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Inside the Pages of News & Events Inside N&E

Introducing a new regular feature on The Tiger Beat Blog: Inside the Pages of News & Events

In coming weeks, News & Events Managing Editor Vienna Carvalho-McGrain will begin taking you behind the scenes of University News and offering an insider’s look at some of what goes on behind the walls of Building 86 (our campus home). For example, she’ll share insight behind News & Events story selection and front-page design decisions, “fly-on-the-wall” commentary of staff meetings, story previews and more.

As Vienna gears up for this endeavor and as a taste of what’s in store, here’s an insider’s account related to a photo selection in the May 18 issue of News & Events.

In mid-April, our photographer, Sue Weisler, captured a photo of NTID professor (and one of this year’s Eisenhart Award winners) Paula Grcevic with some of her students in a drawing studio. On that day, Professor Grcevic’s students were sketching nudes.

Around the same time, Sue mentioned to me the subject matter of the students’ sketches—some of which were visible in the backgrounds of many photos. As I recall, she seemed mildly concerned that the News & Events editorial staff—prudes that we are—might, to her dismay, crop the photos.

I had not yet seen the photos when, on May 5, I received a message from Karen Black, NTID director of media relations, questioning the photo choice that revealed a glimpse of a sketch of a, um . . . how shall I put it? . . . Bum. Back side. Fanny. Rear end.

Asked Karen: “Do you really think that’s appropriate? Is it me, am I too old and conservative, or should an award winning professor’s face not be next to a drawing of someone’s [caboose]?”

°°Uh oh,°° I thought. °°I better check out this photo.°°

Conceding that we’re generally not too cheeky when it comes to News & Events content, I surprised myself when, upon viewing the photo, I found it innocuous. And honest. And story-telling. And rather fun, actually.

But, out of respect for Karen’s concern, I suggested she seek the opinion of Professor Grcevic. “Since it’s a project she assigned, she may actually prefer the derriere shot,” I wrote. “It’s your call in the end.”

Karen agreed. A couple days later, she wrote:

“She prefers the derriere shot!”

So, that’s the poop behind how one person’s bottom photo choice (butt not another’s) almost got wiped from the pages of News & Events.

  1. Jared Lyon
    Jun 12

    I think, if anything, this new feature might reveal to students how much time is spent on something as innocent as a simple drawing of someone's butt. Will people start protesting nude figure drawing now? It *is* a required course after all.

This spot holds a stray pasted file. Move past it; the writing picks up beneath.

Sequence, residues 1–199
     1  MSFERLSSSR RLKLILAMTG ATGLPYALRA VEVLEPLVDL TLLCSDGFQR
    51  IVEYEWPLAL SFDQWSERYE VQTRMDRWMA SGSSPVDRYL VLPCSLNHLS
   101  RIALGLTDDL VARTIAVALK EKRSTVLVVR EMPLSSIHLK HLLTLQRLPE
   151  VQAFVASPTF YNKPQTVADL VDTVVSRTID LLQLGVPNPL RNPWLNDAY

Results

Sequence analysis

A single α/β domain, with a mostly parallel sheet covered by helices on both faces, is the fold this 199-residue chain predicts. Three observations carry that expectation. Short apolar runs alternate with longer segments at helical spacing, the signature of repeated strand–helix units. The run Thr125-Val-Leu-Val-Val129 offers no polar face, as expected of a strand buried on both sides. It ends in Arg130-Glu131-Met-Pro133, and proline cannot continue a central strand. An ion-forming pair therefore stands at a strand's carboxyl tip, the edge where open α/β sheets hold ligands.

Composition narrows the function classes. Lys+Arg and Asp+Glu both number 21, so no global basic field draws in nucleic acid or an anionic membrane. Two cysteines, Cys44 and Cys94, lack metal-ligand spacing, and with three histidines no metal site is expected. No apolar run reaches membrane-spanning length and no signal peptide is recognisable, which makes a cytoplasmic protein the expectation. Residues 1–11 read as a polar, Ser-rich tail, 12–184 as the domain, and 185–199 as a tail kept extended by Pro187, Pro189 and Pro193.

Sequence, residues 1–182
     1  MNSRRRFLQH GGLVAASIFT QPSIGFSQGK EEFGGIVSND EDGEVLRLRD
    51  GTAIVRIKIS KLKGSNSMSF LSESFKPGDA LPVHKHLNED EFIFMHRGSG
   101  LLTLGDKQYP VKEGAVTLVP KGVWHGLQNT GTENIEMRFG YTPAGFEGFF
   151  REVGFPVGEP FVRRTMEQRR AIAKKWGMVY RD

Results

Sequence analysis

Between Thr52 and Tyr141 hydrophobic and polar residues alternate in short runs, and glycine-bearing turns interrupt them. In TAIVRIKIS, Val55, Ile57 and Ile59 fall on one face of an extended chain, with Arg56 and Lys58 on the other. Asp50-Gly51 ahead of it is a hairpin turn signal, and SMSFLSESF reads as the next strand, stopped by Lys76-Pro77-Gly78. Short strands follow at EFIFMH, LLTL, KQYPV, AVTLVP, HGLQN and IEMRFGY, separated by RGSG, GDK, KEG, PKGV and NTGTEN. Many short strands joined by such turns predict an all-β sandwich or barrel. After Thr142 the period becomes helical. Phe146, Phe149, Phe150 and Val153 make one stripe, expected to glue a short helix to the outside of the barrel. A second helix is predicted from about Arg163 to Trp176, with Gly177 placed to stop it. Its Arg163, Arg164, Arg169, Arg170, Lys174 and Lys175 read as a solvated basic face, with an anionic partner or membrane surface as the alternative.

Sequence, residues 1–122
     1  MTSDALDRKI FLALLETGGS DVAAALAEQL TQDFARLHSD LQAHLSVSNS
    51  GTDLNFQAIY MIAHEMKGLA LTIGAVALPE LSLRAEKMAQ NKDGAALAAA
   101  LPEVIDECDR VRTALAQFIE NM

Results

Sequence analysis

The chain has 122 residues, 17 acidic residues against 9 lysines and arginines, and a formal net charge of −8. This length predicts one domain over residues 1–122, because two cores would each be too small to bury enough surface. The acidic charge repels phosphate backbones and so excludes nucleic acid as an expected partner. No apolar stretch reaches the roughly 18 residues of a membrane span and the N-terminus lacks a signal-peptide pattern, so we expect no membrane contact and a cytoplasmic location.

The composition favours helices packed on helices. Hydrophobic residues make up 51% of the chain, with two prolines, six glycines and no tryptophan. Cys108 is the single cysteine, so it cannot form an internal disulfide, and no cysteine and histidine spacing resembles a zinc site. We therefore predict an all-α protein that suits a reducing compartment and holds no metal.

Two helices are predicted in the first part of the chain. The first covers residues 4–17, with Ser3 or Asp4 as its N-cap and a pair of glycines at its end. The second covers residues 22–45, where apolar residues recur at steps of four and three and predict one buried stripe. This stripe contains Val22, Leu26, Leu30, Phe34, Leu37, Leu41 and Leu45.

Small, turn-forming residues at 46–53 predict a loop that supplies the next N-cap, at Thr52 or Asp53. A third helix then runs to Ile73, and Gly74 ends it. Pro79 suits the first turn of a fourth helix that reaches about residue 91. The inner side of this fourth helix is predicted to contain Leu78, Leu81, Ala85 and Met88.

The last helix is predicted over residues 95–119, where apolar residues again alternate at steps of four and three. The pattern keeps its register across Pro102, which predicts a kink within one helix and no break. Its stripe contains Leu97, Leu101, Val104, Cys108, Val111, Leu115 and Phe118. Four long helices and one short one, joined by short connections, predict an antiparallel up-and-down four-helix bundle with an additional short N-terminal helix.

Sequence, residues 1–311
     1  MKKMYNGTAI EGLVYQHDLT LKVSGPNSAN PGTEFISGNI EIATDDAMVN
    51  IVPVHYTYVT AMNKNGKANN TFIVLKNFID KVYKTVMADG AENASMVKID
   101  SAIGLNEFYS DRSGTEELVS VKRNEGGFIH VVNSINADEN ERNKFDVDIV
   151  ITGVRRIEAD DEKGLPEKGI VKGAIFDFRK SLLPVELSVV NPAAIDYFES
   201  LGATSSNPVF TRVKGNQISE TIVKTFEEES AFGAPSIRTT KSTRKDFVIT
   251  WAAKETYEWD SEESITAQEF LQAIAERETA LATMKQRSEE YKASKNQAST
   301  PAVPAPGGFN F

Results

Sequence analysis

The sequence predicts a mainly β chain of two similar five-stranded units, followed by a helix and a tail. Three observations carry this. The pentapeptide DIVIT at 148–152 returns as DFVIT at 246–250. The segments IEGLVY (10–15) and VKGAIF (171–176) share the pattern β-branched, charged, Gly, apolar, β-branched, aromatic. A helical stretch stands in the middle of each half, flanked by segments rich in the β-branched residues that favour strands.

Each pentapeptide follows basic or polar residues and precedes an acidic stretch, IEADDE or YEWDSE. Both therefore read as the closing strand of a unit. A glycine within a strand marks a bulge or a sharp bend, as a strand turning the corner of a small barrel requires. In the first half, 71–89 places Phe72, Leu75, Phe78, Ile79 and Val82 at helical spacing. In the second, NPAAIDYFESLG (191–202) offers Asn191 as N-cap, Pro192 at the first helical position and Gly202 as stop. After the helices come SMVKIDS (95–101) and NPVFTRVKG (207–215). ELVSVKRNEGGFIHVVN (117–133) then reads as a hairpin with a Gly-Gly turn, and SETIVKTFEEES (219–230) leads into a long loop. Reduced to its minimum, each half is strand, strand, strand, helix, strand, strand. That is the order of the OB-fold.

It's art people!

    Off I go on a mission to destroy David, the Venus de Milo, and the Vitruvian Man!

  2. Mike Saffran
    Jun 13

    Though you offer some well-meaning (and good-natured) sarcasm, Jared (at least that’s my take), I nonetheless believe it’s important that we not lose sight of an important fact: We DID run the photo—uncropped, fanny sketch and all.

    Does this mean there never should’ve been a discussion to begin with? Absolutely not! To the contrary, I’m grateful to Karen for expressing her concern about the photo—leading to dialogue and deliberate consideration (better for it to occur beforehand than afterwards—or not at all). Such a collegial process is more likely to result in a satisfactory outcome for all concerned—and, ultimately, to enhance our publication. (A few months ago, we pulled a photo based on a concern raised by our designer, Pete Bella. Although our photographer, Sue Weisler, disagreed with that decision, I believe it was the proper call and I’m grateful to Pete for expressing his opinion.)

    As far as how much time was spent deliberating whether or not to run the fanny photo (if I correctly understand that as your other point):

    Believe me, not much time was expended (we’re talking about a few e-mails back and forth). More importantly, though, so what if it was more? What’s the alternative? Giving little or no thought to content while churning out one of our most prominent publications?

    If you’ll forgive a baseball analogy, it’s kind of like asking Joe Torre why he spends so much time making out his lineup card. (I mean, what the heck, he could be out clubbing with Derek Jeter and A-Rod instead.) It’s a silly question because trying to win baseball games is his job. Producing News & Events is one of ours.

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